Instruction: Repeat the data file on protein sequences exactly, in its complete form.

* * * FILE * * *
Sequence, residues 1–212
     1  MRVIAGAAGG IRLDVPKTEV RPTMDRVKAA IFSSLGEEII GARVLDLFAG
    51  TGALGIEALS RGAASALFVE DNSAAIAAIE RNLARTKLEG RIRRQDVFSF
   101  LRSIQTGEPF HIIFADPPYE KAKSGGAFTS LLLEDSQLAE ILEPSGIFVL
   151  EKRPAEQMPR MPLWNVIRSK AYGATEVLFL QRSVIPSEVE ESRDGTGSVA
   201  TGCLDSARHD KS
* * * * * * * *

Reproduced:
Sequence, residues 1–212
     1  MRVIAGAAGG IRLDVPKTEV RPTMDRVKAA IFSSLGEEII GARVLDLFAG
    51  TGALGIEALS RGAASALFVE DNSAAIAAIE RNLARTKLEG RIRRQDVFSF
   101  LRSIQTGEPF HIIFADPPYE KAKSGGAFTS LLLEDSQLAE ILEPSGIFVL
   151  EKRPAEQMPR MPLWNVIRSK AYGATEVLFL QRSVIPSEVE ESRDGTGSVA
   201  TGCLDSARHD KS